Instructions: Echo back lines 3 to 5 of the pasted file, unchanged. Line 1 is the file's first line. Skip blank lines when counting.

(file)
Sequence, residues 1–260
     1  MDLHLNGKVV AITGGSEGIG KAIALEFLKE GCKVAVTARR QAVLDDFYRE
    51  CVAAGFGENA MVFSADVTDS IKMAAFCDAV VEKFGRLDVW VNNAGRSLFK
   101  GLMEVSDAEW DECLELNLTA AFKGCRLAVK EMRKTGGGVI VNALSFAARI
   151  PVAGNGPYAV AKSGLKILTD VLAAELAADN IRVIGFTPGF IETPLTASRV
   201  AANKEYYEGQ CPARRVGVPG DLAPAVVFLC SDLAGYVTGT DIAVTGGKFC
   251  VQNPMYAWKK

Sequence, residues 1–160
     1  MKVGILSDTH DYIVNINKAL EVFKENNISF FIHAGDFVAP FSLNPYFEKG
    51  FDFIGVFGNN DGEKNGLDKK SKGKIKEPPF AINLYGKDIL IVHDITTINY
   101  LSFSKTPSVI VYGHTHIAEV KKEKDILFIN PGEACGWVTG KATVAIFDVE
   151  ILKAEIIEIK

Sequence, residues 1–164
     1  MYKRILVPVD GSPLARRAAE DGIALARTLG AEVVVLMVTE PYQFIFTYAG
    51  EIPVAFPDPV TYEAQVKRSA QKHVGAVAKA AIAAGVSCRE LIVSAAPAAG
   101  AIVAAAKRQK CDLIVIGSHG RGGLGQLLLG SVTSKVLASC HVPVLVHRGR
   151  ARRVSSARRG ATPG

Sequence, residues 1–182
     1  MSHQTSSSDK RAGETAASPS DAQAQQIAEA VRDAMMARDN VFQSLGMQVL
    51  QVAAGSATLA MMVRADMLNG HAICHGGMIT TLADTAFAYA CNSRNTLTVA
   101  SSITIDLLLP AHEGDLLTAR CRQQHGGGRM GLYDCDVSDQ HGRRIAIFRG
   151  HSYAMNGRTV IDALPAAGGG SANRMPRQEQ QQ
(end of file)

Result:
    51  CVAAGFGENA MVFSADVTDS IKMAAFCDAV VEKFGRLDVW VNNAGRSLFK
   101  GLMEVSDAEW DECLELNLTA AFKGCRLAVK EMRKTGGGVI VNALSFAARI
   151  PVAGNGPYAV AKSGLKILTD VLAAELAADN IRVIGFTPGF IETPLTASRV